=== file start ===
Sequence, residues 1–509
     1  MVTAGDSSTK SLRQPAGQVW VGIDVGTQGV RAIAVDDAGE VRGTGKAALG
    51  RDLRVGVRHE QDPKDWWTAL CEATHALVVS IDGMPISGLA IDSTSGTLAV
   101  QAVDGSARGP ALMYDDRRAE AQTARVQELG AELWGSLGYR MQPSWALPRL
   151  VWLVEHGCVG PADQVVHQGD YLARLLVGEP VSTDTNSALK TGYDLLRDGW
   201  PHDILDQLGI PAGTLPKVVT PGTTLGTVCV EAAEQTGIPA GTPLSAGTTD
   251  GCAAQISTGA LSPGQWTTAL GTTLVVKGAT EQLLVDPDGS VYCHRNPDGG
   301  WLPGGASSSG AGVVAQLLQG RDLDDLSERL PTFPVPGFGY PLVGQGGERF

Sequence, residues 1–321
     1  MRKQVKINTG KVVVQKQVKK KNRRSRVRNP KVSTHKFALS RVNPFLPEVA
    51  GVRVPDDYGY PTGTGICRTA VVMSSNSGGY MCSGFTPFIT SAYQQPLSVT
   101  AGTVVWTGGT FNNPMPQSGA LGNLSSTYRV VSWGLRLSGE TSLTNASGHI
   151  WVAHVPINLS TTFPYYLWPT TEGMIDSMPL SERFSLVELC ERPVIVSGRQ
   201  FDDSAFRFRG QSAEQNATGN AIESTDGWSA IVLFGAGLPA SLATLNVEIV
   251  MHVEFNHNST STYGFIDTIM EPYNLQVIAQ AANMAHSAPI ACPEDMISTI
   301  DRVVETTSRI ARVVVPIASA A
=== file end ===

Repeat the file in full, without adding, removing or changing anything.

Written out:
Sequence, residues 1–509
     1  MVTAGDSSTK SLRQPAGQVW VGIDVGTQGV RAIAVDDAGE VRGTGKAALG
    51  RDLRVGVRHE QDPKDWWTAL CEATHALVVS IDGMPISGLA IDSTSGTLAV
   101  QAVDGSARGP ALMYDDRRAE AQTARVQELG AELWGSLGYR MQPSWALPRL
   151  VWLVEHGCVG PADQVVHQGD YLARLLVGEP VSTDTNSALK TGYDLLRDGW
   201  PHDILDQLGI PAGTLPKVVT PGTTLGTVCV EAAEQTGIPA GTPLSAGTTD
   251  GCAAQISTGA LSPGQWTTAL GTTLVVKGAT EQLLVDPDGS VYCHRNPDGG
   301  WLPGGASSSG AGVVAQLLQG RDLDDLSERL PTFPVPGFGY PLVGQGGERF

Sequence, residues 1–321
     1  MRKQVKINTG KVVVQKQVKK KNRRSRVRNP KVSTHKFALS RVNPFLPEVA
    51  GVRVPDDYGY PTGTGICRTA VVMSSNSGGY MCSGFTPFIT SAYQQPLSVT
   101  AGTVVWTGGT FNNPMPQSGA LGNLSSTYRV VSWGLRLSGE TSLTNASGHI
   151  WVAHVPINLS TTFPYYLWPT TEGMIDSMPL SERFSLVELC ERPVIVSGRQ
   201  FDDSAFRFRG QSAEQNATGN AIESTDGWSA IVLFGAGLPA SLATLNVEIV
   251  MHVEFNHNST STYGFIDTIM EPYNLQVIAQ AANMAHSAPI ACPEDMISTI
   301  DRVVETTSRI ARVVVPIASA A